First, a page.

I would say in relation to that statement about the clinical awareness another kind of awareness that was really an important part of our work was inviting women to advise us, on not only the Seattle midlife women’s health study, but every study that we’ve ever done. At the end of interviewing women we always would ask: was there something else we should have asked you that we failed to ask or is there anything else that you’d like to tell us in relationship to the interview we’ve just done? And often this would be the time when women would contribute incredibly valuable observations by saying “well I was surprised you didn’t ask me about…” (and then fill in the blanks) with what their current concerns were. Often Ellen and I would go through those data, we would talk with the research assistants who might have conducted the interviews after they completed them in a debriefing session, and we would add or modify a research approach to include some of the great ideas that women were suggesting to us.
It was key to me and Ellen that we tried to make sure that the research we were doing was in fact relevant to the concerns of the women who were participating in it.
Question 3. What advice do you have for aspiring nurse leaders and scholars to be able to connect their clinical interests, personal passions and professional goals?
That’s a great question. I think that the passion for the substance of what one is studying is absolutely essential to sustain us in that work. Otherwise, it’s a lot of very hard, very exacting work. But to imbue it with meaning related to really caring about the topic and the population one is studying is extremely important. I was so fortunate in the 1970s to be beginning work as a young nurse and a young scientist at the height of the women’s movement and its intersection with the popular health movement in the 1970s. Together these two events fueled my desire to contribute to work on women’s health that could inform healthcare and the kind of healthcare that would put women at the center of care and also at the center of the inquiry in research.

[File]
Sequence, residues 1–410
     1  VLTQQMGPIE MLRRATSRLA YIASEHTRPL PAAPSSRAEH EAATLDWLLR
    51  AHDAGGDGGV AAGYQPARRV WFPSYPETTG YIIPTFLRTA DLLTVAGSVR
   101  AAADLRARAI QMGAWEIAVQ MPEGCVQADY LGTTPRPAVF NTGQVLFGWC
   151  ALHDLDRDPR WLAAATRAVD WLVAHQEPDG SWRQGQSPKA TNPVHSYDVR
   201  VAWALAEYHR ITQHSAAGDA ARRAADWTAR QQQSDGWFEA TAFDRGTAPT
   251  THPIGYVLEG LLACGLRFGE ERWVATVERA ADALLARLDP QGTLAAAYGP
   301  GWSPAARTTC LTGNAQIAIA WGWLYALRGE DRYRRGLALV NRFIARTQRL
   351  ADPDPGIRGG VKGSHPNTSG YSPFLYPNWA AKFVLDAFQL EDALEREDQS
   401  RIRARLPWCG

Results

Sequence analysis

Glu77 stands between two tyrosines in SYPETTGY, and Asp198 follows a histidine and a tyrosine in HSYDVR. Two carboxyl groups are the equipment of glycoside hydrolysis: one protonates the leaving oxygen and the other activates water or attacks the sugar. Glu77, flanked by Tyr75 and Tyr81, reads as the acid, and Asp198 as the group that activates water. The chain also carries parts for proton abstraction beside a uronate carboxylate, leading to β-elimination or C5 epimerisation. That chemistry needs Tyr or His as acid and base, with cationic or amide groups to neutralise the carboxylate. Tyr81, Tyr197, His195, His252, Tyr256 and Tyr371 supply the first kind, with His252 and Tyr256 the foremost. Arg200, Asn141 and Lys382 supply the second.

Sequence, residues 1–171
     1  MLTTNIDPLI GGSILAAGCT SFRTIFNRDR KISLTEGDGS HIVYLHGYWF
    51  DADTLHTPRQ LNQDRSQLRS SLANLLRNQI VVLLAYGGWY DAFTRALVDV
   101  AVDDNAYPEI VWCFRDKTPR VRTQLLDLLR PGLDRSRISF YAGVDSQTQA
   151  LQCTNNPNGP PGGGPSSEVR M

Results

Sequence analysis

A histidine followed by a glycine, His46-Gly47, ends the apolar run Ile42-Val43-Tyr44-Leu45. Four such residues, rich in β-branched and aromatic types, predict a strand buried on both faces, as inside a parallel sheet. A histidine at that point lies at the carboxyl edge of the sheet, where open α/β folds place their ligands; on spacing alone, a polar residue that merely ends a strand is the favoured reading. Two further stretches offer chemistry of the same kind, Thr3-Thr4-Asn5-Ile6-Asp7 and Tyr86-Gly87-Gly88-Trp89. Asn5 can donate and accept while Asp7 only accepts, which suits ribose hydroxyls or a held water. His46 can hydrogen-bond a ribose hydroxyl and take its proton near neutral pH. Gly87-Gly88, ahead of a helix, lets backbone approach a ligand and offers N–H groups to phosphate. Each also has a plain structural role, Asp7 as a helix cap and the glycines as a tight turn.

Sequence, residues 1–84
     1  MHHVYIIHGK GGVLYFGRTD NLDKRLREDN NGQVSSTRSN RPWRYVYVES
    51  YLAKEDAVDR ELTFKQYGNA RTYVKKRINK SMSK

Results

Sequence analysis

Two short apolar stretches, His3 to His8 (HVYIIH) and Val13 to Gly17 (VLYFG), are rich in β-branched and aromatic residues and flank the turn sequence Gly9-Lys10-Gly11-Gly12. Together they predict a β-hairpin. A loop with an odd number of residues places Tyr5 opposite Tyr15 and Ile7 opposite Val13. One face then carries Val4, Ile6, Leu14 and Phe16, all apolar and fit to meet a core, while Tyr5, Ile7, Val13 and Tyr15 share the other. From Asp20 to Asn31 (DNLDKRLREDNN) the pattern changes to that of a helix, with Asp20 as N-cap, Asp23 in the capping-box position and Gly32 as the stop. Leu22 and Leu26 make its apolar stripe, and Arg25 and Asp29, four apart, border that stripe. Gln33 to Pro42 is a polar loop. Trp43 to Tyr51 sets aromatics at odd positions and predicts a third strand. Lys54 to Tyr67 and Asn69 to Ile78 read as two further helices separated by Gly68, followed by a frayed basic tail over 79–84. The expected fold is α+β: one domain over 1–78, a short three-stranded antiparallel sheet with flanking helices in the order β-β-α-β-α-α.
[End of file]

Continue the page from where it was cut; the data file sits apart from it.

I have really loved the research that I have done over the course of my career and I still find myself looking forward to taking time to write and think about topics related to women’s health, so that passion continues. For me, it has been a privilege to get to understand, to be privileged to understand the life and health experiences of now thousands of women that our team and in particular Ellen Mitchell and I have talked to over the years to really say there is no substitute for being passionate about what you’re studying.
3 Questions – Carole Kenner on the Policy Brief “Reducing Preterm Births in the United States”
Policy Brief: Reducing Preterm Births in the United States – AAN Expert Panels on Maternal Infant Health (MIH), Child, Adolescent & Family (CAF), and Women’s Health (WH)
There is an alarming rate of preterm births (PTB) (less than 37 weeks gestation) in the United States that has escalated in recent years and brought with this rise the associated public health problems of infant mortality and morbidity. While the richest country in the world, the U.S. ranks among the top 10 nations on preterm births. What is most troubling is that premature births were declining in the last decade, however more recently, in three consecutive years, preterm births have been steadily increasing to more than 400,000 U.S. babies born prematurely in 2016. The corollaries of PTB are associated with wider use of assisted reproductive technologies and clear racial and economic disparities. Representatives of the Expert Panels of the American Academy of Nursing including Maternal Infant Health (MIH), Child, Adolescent and Family (CAF), and Women’s Health (WH) convened and developed a Policy Brief on Reducing Preterm Births in the United States, published in the September/October issue of Nursing Outlook.
We asked Carole Kenner, the Carol Kuser Loser Dean and Professor in the School of Nursing, Health, and Exercise Science at the College of New Jersey to offer insights into this problem. She served as co-chair of the group of authors of the Policy Brief in Nursing Outlook. Their brief supports the evidence from several Institute of Medicine (IOM) reports relating the complex interplay of social, economic and environmental influences on maternal health in general and the rise of preterm childbirth specifically. In addition to limited access of maternal child health services, the brief includes discussion around the multiple underlying causes of preterm birth related to changes in obstetrical practices including increased rates of elective cesarean births, delayed childbearing, greater use of infertility treatments, illicit drug use, tobacco use, maternal mental health, maternal co-morbidities and chronic illnesses like diabetes, obesity, and hypertension. Although survival of premature infants has improved, morbidity has not followed. Babies born prematurely have a higher likelihood to have increased health-related and neurodevelopmental delays. These are shameful problems that our nation should address in a constructive way to find solutions.